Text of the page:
Ungovernable Ethno-religious Entities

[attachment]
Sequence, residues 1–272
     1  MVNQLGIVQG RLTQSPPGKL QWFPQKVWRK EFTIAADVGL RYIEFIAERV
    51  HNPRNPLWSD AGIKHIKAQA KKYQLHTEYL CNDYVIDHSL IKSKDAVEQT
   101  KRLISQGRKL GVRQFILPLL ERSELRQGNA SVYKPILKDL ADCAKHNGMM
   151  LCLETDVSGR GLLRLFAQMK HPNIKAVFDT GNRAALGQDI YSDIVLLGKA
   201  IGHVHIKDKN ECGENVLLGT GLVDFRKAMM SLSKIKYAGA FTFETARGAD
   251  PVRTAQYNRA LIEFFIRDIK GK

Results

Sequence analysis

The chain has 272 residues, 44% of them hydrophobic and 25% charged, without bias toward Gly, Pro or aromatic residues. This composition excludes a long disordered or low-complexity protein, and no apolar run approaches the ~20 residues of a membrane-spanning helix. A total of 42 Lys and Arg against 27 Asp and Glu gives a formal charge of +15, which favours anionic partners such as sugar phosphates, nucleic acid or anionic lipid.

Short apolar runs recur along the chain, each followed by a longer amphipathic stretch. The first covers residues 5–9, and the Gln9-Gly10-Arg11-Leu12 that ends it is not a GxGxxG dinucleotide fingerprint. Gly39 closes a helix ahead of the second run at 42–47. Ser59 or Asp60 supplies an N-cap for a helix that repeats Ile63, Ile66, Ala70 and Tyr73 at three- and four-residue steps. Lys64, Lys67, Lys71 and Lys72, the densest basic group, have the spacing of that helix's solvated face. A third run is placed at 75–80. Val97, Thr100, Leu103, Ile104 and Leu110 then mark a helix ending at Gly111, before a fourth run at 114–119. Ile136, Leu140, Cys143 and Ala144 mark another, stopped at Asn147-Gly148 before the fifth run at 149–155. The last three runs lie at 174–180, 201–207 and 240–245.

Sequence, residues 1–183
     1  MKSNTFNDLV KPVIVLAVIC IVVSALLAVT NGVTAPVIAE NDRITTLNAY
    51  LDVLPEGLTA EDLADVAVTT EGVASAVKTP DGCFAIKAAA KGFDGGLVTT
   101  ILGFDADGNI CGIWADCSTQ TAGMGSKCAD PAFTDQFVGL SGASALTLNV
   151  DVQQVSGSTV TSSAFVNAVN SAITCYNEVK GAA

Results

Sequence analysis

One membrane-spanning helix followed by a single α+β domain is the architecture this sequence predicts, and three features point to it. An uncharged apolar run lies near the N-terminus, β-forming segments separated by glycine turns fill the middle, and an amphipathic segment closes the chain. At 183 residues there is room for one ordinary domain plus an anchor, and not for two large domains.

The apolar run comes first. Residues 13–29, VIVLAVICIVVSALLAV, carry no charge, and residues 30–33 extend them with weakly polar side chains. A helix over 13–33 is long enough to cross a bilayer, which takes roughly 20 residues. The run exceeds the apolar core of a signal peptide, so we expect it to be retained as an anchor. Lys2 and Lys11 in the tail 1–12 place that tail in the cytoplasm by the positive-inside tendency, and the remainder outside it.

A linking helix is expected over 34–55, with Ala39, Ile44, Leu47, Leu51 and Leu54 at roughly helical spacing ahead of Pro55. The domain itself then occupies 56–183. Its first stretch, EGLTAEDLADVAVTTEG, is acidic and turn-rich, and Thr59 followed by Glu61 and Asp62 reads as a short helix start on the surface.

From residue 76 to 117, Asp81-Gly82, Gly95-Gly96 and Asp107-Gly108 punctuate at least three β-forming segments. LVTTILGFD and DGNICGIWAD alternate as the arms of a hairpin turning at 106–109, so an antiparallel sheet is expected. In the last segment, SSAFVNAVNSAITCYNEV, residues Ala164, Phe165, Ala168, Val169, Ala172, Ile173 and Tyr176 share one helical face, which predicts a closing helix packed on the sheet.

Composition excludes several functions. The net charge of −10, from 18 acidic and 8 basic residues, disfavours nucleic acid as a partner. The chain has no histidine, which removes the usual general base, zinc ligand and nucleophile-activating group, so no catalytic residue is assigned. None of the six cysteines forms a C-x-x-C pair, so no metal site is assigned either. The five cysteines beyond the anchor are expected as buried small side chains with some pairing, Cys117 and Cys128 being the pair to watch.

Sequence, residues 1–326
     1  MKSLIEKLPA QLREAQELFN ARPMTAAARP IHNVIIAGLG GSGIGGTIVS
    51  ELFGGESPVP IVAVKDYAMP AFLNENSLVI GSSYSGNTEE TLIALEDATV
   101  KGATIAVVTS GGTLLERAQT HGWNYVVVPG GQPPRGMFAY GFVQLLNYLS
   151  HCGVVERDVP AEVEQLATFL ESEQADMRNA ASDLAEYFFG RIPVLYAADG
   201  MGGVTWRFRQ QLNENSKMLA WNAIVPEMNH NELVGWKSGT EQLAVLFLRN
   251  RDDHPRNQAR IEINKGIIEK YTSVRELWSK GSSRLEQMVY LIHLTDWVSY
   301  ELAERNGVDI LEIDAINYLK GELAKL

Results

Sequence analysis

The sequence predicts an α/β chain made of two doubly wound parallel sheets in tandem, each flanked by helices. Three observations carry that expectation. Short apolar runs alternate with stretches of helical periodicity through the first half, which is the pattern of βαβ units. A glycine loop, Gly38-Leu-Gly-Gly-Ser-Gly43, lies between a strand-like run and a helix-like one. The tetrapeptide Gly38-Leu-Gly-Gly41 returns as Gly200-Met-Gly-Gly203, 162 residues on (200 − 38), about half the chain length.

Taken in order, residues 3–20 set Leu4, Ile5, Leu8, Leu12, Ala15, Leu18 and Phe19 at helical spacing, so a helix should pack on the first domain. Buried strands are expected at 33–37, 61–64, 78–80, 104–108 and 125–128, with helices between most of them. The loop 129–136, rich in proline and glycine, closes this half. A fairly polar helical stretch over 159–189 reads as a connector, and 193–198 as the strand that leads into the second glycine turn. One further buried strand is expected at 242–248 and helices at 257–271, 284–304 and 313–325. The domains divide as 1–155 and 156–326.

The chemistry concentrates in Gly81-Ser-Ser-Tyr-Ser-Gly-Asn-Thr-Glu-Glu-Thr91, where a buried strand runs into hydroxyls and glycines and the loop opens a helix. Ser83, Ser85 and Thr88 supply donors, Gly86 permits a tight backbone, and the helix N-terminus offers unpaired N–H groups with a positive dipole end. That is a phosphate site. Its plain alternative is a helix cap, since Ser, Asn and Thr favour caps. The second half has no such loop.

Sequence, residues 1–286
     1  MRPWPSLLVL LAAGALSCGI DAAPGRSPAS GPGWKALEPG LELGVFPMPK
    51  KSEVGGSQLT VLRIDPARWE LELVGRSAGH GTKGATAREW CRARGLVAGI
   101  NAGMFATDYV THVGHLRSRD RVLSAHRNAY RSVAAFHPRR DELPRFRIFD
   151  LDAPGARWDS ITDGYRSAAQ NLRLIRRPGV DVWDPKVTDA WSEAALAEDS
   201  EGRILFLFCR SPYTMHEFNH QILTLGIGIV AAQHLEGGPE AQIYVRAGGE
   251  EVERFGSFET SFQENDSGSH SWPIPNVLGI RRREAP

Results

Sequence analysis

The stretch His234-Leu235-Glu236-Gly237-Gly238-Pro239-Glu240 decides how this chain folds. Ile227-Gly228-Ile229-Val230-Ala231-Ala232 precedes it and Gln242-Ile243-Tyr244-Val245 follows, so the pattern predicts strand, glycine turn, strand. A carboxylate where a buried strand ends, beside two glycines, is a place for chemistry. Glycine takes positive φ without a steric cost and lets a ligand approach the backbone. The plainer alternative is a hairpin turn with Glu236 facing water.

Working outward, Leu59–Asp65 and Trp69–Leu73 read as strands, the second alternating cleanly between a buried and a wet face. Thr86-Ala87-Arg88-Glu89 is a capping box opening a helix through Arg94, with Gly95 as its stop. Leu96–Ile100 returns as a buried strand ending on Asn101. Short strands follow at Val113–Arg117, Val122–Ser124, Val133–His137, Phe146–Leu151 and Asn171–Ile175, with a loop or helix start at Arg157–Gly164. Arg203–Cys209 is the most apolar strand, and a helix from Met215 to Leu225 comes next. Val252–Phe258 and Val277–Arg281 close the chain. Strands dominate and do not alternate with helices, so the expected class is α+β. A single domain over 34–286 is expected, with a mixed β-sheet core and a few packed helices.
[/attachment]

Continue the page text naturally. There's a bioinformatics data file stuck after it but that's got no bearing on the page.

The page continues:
Ungovernable Ethno-religious Entities After the Cold War ended, approximately in 1990, journalist Robert Kaplan pointed out that future peacekeeping, no matter how moral or well-intentioned, will not work where religious and ethno-tribal concerns are generating new kinds of civil warfare for which the large nation-states remain ill-prepared. Instead of enjoying economic and social progress in this new era, many countries are degenerating into ungovernable ethno-religious entities that are as yet undefined in the world political arena. In a world in which the two Cold War superpowers no longer divide the globe into two clearly defined blocs with the Third World competing for the attention of both, Americans have learned that the notion of a peace dividend is pure folly. What has transpired is the unexpected reemergence of older and vastly more brutal kinds of racial, ethnic, and religious conflicts. Cultures, not countries, are now battling one another for control of their respective turfs. Armies no longer represent the interests of sovereign nation-states. The entire notion of nation-states is in trouble, as the former Third World cultures fight civil wars in protracted, low-intensity conflicts. Criminals, once in the back water of international relations, have surfaced with high-tech weapons and, in some cases, very sophisticated electronic intelligence and communication services. War and crime will become virtually indistinguishable in the twenty-first century. How far off is Robert Kaplan’s analysis? Consider 9/11? Terrorist attacks real and thwarted here and abroad? Thirteen unlucky ( or lucky so far) years into the 21st century?